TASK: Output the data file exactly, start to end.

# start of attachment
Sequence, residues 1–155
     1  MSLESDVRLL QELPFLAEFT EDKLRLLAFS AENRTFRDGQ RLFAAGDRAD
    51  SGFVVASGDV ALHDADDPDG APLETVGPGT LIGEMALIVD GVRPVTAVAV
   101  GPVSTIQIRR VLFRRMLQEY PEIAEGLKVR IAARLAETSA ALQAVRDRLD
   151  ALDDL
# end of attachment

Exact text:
Sequence, residues 1–155
     1  MSLESDVRLL QELPFLAEFT EDKLRLLAFS AENRTFRDGQ RLFAAGDRAD
    51  SGFVVASGDV ALHDADDPDG APLETVGPGT LIGEMALIVD GVRPVTAVAV
   101  GPVSTIQIRR VLFRRMLQEY PEIAEGLKVR IAARLAETSA ALQAVRDRLD
   151  ALDDL